Through a special agreement with Swinburne Astronomy Productions (Swinburne University, Melbourne, Australia), we are happy to share with you the short film "Expedition: Earth".   In this movie, we follow astronomers' search for other life in the galaxy, by looking for other planets like Earth with the help of the Kepler Space Telescope.
You can watch "Expedition: Earth" on the Featured Movies page of our Hokulani Online Resources website (link), or browse other short films by Swinburne Astronomy Productions on their YouTube channel, here (link).

We hope everyone remains well as we continue to plan how to open responsibly to stem the transmission of COVID-19. We miss being able to see you face to face and look forward to the time when we will. As soon as we know when we can resume more normal operations, we will post them on the website so stay tuned.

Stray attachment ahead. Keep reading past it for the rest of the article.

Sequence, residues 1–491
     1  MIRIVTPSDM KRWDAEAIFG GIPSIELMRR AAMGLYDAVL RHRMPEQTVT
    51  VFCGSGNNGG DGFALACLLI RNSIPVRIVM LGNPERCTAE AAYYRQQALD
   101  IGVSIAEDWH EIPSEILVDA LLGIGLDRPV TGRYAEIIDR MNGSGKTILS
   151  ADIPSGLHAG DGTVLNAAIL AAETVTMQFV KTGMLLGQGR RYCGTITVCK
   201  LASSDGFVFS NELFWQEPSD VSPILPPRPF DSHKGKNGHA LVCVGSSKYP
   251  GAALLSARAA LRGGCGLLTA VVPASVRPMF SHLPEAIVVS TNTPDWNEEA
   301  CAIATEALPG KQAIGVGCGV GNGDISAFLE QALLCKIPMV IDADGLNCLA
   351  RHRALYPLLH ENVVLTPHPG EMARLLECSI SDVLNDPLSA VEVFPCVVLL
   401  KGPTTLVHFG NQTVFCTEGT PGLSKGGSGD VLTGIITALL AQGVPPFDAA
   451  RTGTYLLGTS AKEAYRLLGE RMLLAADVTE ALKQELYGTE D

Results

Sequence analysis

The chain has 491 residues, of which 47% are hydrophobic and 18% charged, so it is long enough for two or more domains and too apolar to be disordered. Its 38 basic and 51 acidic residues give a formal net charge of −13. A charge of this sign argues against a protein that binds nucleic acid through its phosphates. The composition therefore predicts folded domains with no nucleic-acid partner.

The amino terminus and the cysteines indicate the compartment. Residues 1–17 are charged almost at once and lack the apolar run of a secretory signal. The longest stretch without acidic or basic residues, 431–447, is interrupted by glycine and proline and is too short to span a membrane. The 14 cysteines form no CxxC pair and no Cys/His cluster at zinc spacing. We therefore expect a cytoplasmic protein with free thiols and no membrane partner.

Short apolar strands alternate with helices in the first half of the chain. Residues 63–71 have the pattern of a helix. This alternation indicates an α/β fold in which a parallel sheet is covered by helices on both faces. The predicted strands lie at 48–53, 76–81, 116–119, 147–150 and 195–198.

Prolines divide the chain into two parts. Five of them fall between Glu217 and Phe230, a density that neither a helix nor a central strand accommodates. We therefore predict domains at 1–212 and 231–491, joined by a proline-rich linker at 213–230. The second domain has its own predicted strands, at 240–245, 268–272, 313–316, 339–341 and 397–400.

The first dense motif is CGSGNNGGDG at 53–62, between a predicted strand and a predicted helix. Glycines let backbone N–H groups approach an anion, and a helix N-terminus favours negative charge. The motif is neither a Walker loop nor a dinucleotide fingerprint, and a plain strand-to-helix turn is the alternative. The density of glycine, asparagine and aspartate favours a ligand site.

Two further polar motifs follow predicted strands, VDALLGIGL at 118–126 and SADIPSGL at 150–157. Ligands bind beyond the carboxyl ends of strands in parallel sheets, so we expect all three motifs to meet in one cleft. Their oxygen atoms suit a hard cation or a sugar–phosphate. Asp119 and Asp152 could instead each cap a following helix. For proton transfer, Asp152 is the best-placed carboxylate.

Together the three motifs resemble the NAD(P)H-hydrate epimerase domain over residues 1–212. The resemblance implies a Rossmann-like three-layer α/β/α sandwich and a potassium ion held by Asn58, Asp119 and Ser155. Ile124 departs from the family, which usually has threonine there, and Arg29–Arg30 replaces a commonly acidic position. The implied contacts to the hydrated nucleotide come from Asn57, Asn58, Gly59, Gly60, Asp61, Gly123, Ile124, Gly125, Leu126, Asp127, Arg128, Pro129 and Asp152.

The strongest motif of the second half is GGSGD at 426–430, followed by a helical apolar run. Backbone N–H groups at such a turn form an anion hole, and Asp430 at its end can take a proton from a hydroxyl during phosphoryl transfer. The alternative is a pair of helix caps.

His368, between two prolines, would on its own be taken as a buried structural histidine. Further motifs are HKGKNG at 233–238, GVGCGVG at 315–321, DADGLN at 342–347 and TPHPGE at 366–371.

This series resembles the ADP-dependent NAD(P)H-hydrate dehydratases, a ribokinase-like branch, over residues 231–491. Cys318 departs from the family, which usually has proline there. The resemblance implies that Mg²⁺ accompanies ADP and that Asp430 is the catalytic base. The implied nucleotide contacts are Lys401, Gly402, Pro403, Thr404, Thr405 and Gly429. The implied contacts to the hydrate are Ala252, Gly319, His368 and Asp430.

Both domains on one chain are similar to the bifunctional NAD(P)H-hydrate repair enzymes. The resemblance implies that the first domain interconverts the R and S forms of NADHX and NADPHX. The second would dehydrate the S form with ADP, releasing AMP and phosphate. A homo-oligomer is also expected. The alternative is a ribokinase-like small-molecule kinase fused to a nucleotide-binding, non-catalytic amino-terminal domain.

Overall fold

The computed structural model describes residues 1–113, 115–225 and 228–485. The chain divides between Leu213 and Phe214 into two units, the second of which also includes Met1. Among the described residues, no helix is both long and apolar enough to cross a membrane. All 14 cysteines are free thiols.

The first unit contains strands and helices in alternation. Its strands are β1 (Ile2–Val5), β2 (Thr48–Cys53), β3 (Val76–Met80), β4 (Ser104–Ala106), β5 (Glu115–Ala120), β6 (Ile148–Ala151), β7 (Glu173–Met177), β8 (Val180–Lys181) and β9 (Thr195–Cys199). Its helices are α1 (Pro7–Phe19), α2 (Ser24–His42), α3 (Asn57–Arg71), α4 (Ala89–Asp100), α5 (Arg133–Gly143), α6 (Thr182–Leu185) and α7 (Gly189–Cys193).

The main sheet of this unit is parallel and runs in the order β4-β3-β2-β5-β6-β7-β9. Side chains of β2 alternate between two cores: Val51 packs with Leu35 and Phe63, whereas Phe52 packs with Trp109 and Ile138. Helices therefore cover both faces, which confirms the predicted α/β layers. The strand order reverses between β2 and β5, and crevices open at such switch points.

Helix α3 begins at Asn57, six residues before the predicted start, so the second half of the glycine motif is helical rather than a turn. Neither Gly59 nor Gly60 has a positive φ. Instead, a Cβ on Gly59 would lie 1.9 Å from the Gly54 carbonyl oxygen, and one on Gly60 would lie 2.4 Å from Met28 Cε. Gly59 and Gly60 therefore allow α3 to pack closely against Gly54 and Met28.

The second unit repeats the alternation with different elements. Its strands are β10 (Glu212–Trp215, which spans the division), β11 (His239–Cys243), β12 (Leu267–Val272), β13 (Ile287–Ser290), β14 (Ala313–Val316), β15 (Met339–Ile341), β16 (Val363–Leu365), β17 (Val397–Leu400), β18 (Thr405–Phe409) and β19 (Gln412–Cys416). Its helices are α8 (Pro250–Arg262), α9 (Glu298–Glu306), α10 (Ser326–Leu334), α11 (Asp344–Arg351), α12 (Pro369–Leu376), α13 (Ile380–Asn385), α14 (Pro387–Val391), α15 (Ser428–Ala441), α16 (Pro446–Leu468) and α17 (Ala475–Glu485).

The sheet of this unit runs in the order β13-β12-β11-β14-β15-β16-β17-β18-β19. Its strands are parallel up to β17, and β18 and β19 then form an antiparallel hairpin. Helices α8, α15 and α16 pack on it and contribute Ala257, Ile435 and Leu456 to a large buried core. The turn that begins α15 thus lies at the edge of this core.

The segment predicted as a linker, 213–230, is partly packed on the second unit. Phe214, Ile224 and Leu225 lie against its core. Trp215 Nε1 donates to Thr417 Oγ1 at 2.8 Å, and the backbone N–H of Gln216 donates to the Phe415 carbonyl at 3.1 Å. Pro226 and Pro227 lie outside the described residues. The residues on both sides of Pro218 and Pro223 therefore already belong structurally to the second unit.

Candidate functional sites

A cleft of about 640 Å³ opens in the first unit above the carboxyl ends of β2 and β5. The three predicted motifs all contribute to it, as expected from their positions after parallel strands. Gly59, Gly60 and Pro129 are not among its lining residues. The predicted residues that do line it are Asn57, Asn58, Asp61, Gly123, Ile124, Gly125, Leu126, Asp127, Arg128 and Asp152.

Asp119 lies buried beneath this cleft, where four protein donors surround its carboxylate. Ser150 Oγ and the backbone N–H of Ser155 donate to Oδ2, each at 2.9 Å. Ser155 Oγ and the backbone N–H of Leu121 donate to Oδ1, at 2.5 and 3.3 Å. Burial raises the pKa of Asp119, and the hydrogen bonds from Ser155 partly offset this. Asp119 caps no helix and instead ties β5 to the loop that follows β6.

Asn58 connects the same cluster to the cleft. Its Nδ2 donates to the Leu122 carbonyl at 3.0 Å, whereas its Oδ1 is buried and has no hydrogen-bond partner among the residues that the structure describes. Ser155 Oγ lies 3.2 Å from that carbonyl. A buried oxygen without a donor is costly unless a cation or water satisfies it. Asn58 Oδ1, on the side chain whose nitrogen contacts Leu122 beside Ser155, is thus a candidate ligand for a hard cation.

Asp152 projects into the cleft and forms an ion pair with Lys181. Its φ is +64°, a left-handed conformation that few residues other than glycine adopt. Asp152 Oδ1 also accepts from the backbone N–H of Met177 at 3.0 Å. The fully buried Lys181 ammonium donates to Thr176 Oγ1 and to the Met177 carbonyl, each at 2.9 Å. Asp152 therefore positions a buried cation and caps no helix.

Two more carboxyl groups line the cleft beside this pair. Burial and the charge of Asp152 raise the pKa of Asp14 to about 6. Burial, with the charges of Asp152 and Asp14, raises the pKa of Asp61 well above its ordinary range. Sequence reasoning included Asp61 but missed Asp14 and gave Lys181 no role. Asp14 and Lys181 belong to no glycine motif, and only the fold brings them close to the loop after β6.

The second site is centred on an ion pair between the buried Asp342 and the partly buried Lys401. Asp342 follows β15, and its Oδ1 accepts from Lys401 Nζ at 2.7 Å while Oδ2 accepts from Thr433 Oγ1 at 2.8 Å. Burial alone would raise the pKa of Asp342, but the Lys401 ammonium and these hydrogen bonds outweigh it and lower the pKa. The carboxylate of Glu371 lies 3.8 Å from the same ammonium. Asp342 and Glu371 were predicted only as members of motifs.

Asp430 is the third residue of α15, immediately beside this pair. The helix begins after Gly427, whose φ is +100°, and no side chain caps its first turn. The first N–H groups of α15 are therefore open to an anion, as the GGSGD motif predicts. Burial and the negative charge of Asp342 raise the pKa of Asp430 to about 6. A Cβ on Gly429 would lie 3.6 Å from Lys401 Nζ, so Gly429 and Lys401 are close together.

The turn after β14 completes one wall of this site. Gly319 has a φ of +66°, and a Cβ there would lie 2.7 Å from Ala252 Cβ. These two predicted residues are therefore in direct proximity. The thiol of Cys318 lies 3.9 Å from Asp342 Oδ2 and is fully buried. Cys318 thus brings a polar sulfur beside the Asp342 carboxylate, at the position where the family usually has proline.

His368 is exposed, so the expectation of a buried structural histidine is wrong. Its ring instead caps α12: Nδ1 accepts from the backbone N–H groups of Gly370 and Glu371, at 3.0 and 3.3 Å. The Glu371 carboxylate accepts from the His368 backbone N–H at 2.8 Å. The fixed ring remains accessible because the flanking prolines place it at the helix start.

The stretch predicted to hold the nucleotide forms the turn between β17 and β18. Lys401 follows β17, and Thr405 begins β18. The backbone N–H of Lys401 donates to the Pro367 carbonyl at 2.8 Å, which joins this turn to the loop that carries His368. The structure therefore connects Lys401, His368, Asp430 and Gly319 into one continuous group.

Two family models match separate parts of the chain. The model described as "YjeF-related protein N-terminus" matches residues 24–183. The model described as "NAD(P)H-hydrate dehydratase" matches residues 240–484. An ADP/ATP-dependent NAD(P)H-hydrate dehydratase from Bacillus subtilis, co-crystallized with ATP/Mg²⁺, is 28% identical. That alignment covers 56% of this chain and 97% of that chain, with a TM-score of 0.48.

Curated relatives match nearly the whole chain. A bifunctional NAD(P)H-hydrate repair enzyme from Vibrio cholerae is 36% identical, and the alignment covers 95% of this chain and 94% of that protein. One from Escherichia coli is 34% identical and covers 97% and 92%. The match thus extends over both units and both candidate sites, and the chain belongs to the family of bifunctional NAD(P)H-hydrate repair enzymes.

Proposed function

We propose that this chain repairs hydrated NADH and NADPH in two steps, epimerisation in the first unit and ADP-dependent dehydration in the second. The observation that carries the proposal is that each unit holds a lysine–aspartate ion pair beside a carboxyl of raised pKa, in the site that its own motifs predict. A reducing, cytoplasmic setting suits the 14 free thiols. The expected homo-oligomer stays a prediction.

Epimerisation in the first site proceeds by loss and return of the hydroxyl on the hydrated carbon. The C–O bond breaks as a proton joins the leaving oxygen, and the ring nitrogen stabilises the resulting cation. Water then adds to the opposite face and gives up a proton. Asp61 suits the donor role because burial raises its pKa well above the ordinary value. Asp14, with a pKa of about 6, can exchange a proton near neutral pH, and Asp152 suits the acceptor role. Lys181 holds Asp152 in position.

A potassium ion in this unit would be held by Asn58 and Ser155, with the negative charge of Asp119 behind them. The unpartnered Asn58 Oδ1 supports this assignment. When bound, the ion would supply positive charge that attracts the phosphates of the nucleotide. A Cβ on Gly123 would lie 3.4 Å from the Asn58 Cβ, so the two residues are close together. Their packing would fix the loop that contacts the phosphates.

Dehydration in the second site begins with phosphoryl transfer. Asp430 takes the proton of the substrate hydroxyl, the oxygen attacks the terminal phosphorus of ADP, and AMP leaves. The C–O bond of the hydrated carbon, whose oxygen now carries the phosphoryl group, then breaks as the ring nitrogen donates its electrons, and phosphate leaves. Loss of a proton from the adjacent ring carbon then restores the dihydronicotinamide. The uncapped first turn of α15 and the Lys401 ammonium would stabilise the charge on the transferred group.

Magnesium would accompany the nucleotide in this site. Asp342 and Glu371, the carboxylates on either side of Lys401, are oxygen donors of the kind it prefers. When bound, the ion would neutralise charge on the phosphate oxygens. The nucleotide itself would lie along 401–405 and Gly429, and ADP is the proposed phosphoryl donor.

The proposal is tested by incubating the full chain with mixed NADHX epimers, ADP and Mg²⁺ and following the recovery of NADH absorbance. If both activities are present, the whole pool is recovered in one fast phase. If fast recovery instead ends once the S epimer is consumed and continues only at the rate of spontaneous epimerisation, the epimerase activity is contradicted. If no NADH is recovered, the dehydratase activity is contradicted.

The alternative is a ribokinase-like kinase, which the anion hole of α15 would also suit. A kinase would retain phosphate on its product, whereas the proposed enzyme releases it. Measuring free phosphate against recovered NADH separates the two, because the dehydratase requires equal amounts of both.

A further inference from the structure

Mars brighter than Sirius?
You're not serious? Yes we are! On October 13, Mars will be in opposition to the Sun and will be shinning at a magnitude of -2.6, a full  three times brighter than Sirius and even brighter than mighty Jupiter. Through October 28, Mars will be the second brightest planet in the sky next to Venus making the Moon, Venus and Mars the three brightest heavenly bodies in the nighttime sky. Mars will also be closer to Earth, a mere 38.57 million miles away. It will not be this close to Earth again until 2035.

Witch Head nebula named for its shape is an extremely faint reflection nebula believed to be an ancient supernova remnant or gas cloud illuminated by nearby supergiant star Rigel in the constellation of Orion. It lies in the Orion constellation, about 900 light-years from Earth. The nature of the very blue dust particles is caused not only by the blue color of its star, but also because the dust grains reflect blue light more efficiently.

A Mini Full Moon for Halloween